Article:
EDITORIAL – The NWSL has a problem. Well, the NWSL has a lot of problems but the one I’m talking about today is completely within their control to fix. The NWSL makes the choice to play the national anthem before every match and they need to stop.
NWSL National Anthem Issue: A Picture of a Standing Player is Worth a Thousands Tweets
There are a lot of reasons the NWSL needs to stop the outdated and jingoistic practice but to me one of the reasons that should be easy for the league to understand often goes overlooked. The people who see and share images of the players standing are sometimes using them for things the NWSL is not going to want to be attached to.
By having the national anthem played before games it gives the opportunity for photos of that moment to be taken. And in that moment every players individual choice suddenly reflects on the player themselves, their team and the league as a whole. And a lot of players make the choice to kneel but some don’t. Photos that are born out of that moment become a tool of a segment of the population who is happy to take things out of context.
Before the Orlando Pride took on the North Carolina Courage on Saturday night there was a photo taken before the match by Lewis Gettier of The Equalizer. One of the most recognizable players in the entire world women’s soccer and perhaps the entire world of soccer in general, Alex Morgan, stood while all 21 of the other players and all four officials knelt. The choice to stand was Morgan’s but the use of that image now that it’s in the world, she has no control over that. Neither do the Pride. Neither does the NWSL.
I'm surprised that I'm still surprised. pic.twitter.com/45IKuB1lXH
— Lewis Gettier (@LewisNC) May 2, 2021
The image of one of the most famous American athletes standing while everyone else kneels is an image that is very plausibly going to be used by white nationalists and people who support them as proof maybe Morgan is on their team after all.
By playing the anthem the NWSL is allowing a moment of propaganda to be born. Because every time a player makes a choice there will be people who take that choice and turn it into something nefarious. Alex Morgan is not thinking of the groups on Facebook who will use this image as proof of something that I don’t believe she means it to be proof of.
She’s not thinking about the emotional toll it may take her teammates or those who she competes against. She’s not thinking of the impact of any of that. Because to her, and to a lot white people, the choice to stand or not to stand is a personal choice. But in this context that choice has far more wide reaching implications than just a single person making a single choice before they go to work.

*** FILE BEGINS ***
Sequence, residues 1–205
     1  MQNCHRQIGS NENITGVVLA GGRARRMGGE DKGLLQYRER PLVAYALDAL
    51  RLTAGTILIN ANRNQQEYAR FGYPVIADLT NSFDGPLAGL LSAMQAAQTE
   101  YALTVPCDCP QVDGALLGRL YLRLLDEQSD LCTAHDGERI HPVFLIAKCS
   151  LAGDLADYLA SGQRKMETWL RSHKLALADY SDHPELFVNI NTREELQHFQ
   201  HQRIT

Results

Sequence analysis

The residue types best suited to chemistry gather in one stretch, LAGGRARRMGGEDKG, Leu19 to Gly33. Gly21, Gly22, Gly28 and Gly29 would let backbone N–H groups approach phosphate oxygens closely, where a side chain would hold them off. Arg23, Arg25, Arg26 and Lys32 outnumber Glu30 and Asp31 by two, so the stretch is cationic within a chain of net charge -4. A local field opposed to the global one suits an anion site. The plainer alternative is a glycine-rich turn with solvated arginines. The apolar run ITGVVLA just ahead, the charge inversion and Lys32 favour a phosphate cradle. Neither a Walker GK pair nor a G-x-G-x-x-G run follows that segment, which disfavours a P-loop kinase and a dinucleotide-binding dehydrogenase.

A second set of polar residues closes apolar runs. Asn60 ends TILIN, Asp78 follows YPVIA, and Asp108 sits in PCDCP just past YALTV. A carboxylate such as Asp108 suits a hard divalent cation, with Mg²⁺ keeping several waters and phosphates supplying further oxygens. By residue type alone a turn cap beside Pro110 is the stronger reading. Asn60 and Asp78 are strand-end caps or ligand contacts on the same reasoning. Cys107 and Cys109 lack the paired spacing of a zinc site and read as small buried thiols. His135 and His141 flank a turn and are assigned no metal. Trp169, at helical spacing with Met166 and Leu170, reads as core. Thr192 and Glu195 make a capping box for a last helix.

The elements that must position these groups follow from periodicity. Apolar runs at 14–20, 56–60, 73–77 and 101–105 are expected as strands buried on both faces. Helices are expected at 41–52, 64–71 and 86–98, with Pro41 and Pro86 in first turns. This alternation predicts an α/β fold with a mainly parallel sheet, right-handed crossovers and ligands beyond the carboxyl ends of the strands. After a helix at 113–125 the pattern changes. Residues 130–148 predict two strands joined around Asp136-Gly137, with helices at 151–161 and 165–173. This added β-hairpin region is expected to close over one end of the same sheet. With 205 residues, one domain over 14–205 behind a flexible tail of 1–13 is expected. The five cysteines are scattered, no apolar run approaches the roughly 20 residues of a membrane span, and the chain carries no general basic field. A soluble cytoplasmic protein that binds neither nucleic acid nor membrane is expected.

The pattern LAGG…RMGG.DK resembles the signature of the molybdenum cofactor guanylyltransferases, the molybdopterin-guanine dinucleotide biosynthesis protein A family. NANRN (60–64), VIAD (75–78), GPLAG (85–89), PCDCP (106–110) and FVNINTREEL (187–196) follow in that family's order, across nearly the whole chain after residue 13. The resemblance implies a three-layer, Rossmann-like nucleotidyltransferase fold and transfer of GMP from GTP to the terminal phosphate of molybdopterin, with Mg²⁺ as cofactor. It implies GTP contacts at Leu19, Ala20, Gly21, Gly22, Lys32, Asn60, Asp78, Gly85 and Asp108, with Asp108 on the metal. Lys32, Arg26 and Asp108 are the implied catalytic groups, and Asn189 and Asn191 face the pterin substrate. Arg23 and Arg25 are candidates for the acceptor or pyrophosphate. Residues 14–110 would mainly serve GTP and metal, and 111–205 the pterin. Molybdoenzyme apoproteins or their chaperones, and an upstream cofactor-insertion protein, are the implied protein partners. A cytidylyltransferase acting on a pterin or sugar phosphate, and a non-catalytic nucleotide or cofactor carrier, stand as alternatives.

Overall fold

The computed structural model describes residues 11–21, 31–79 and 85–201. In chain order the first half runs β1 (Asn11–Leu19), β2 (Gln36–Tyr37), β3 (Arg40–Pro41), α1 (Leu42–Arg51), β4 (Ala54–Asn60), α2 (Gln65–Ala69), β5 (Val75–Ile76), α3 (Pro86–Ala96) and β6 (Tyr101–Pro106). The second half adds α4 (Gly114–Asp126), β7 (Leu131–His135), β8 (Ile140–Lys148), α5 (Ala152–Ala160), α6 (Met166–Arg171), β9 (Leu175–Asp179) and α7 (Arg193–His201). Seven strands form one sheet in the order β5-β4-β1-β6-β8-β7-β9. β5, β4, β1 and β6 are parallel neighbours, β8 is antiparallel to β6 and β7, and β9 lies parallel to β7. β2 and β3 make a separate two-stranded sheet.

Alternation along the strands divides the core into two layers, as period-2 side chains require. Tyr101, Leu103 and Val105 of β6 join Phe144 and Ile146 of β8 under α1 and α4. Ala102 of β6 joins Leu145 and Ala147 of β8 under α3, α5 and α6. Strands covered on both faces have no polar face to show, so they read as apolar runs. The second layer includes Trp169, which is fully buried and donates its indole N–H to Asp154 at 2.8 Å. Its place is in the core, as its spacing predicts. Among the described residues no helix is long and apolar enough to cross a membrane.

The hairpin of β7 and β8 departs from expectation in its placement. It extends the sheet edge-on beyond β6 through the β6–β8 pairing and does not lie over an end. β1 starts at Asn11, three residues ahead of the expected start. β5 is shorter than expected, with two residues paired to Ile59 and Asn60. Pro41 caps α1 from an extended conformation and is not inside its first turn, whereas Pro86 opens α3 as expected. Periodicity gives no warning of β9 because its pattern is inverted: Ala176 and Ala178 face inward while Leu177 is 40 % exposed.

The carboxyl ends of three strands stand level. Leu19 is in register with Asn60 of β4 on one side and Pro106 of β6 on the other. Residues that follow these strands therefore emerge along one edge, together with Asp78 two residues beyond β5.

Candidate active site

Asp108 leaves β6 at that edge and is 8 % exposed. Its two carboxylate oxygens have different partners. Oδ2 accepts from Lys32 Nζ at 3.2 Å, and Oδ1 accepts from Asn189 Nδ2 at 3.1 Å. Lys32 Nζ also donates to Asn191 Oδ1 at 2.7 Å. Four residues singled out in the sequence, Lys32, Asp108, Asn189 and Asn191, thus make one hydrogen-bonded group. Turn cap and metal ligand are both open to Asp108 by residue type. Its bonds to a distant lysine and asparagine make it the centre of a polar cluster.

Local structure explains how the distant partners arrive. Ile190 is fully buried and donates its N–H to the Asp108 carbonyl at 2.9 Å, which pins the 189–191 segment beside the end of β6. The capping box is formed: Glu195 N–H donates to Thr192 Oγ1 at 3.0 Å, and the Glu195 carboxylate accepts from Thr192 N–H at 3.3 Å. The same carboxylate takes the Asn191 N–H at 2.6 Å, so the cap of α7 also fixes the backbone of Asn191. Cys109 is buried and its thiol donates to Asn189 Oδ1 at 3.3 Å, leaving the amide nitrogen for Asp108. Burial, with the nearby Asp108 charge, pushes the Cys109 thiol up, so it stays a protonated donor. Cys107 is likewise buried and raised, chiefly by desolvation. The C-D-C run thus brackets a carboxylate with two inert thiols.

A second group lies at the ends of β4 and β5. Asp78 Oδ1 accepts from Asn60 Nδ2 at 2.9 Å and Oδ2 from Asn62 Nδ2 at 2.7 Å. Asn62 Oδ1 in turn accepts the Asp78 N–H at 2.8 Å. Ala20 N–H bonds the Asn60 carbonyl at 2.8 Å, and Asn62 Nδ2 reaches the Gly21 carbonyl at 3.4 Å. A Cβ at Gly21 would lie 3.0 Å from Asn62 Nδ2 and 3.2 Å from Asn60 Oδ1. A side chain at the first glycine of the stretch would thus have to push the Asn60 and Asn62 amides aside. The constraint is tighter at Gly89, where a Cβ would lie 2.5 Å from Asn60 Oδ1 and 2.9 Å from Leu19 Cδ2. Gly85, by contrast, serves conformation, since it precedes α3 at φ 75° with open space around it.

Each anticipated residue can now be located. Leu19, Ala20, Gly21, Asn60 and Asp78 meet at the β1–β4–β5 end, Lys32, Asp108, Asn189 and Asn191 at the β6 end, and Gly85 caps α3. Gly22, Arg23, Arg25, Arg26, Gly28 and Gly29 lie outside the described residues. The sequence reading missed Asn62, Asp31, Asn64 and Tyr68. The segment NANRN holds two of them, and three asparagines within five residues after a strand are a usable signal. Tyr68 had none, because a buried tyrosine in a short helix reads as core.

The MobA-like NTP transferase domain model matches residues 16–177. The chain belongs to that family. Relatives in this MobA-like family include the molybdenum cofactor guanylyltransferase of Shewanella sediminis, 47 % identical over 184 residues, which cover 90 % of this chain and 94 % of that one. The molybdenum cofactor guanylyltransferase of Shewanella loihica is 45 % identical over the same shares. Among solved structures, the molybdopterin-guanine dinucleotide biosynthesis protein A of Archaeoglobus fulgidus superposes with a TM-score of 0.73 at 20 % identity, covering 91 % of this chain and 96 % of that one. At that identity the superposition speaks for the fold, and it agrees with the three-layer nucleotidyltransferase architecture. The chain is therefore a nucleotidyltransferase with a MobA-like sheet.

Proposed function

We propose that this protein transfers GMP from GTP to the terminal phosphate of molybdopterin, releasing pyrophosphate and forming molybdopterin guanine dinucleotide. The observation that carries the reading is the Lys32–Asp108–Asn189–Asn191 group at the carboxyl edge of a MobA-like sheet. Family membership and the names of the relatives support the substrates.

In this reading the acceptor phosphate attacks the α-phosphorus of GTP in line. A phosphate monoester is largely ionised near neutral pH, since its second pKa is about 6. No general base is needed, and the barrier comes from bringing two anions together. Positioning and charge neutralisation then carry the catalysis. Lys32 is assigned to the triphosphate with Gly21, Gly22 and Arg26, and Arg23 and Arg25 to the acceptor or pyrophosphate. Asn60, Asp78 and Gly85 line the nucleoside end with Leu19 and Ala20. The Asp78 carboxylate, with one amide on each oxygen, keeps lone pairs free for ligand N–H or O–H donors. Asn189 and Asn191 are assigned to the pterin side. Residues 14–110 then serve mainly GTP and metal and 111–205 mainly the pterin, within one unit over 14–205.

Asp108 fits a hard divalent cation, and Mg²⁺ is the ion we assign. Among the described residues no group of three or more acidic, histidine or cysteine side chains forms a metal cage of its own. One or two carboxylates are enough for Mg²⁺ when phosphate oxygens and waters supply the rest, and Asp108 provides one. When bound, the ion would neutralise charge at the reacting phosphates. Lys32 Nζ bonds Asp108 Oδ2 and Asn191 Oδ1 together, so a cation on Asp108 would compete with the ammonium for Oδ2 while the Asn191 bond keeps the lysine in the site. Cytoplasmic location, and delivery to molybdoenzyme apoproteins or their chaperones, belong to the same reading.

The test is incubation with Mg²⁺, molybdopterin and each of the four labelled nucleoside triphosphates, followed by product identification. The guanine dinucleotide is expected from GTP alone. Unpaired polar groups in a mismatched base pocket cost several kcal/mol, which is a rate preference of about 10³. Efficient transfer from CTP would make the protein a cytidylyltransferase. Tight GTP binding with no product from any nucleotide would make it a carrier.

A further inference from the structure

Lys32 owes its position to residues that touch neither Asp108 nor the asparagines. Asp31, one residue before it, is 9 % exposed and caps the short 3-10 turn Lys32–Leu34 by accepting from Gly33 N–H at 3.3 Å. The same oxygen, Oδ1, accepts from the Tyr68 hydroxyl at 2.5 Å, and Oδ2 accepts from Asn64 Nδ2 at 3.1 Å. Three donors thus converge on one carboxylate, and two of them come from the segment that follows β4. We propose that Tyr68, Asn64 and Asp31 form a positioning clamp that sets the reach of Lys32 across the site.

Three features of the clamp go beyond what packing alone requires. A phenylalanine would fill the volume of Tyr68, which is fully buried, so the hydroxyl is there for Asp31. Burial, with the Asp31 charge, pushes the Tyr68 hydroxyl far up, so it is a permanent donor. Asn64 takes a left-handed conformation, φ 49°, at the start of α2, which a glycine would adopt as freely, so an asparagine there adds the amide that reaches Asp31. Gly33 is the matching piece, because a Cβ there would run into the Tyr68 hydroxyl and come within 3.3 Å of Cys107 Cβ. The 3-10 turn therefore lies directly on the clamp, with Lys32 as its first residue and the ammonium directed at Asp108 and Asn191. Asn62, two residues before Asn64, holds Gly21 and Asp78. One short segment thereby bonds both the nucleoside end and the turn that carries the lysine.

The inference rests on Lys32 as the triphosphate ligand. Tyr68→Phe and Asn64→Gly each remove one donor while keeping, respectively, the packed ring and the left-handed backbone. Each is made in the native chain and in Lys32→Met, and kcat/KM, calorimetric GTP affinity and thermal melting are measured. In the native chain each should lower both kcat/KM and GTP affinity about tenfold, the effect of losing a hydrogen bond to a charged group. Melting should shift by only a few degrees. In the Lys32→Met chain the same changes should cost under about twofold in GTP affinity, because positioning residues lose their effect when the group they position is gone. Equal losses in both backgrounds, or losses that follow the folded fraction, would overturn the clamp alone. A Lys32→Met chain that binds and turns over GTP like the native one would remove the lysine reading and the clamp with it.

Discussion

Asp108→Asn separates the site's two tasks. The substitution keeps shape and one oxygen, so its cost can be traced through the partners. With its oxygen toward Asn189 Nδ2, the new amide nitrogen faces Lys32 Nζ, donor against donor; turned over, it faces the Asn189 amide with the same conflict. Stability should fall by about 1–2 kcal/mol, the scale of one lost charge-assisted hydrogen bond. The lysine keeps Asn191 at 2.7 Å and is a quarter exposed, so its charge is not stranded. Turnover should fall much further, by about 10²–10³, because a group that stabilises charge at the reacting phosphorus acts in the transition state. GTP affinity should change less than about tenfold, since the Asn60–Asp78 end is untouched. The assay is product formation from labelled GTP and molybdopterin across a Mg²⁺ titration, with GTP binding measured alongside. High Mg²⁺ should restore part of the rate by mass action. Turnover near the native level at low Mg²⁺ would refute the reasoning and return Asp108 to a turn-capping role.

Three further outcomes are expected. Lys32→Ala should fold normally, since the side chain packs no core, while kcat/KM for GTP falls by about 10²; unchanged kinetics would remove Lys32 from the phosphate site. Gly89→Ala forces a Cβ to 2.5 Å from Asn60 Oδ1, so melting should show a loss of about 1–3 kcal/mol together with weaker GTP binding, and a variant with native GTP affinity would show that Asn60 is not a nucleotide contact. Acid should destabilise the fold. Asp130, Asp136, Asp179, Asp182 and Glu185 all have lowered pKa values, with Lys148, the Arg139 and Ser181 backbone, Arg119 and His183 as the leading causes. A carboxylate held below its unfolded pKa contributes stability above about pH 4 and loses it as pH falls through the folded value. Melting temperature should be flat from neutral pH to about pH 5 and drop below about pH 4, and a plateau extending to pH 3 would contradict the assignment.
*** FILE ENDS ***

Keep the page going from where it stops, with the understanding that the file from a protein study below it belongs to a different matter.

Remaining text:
As Charles Olney pointed out on Twitter, a fair number of the players that are standing consistently are USWNT players. Which only heightens the fact that their images are going to be used by the people that are most invested in the jingoism that is fed by playing the national anthem before sporting events. We have seen the national team say they have moved on from kneeling and the work they’re doing off the pitch is more important than kneeling on it. That position seems to be, with a number of national team players who are standing, to make it more comfortable for the white players not to feel pressured to kneel. Once again white pride comes before support of Black humanity.
It’s not just Alex Morgan who has been standing. Kelley O’Hara and Emily Sonnett and Lindsey Horan, among others, have been as well. And each time they do, some might think they’re sending a message that the national anthem is more important than the lives of their Black teammates and their Black friends and Black people in general. They could potentially be used as propaganda by people to make that point, whether they want to admit it or not, whether they want to see it or not. And they are opening themselves up to being used as props.
There are so many reasons that the NWSL should not play the national anthem before games but one of the easiest to anticipate is the images being used in a way that sends messages neither of the players nor the league realistically wants sent but have zero control in managing once they’re out. The league has had a better 2020 and 2021 in so many ways. But the insistence on playing the national anthem before games under some warped guise of allowing players freedom of expression is both misguided and dangerous.
The NWSL has shown a willingness to change bad policy in the past, it’s time they did it again.